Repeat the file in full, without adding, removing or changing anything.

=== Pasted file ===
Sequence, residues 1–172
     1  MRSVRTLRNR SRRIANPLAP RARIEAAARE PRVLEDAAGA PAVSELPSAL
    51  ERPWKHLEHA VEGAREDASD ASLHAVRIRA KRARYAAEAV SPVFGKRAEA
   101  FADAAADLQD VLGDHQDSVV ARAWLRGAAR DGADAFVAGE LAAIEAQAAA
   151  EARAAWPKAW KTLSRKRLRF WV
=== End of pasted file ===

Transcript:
Sequence, residues 1–172
     1  MRSVRTLRNR SRRIANPLAP RARIEAAARE PRVLEDAAGA PAVSELPSAL
    51  ERPWKHLEHA VEGAREDASD ASLHAVRIRA KRARYAAEAV SPVFGKRAEA
   101  FADAAADLQD VLGDHQDSVV ARAWLRGAAR DGADAFVAGE LAAIEAQAAA
   151  EARAAWPKAW KTLSRKRLRF WV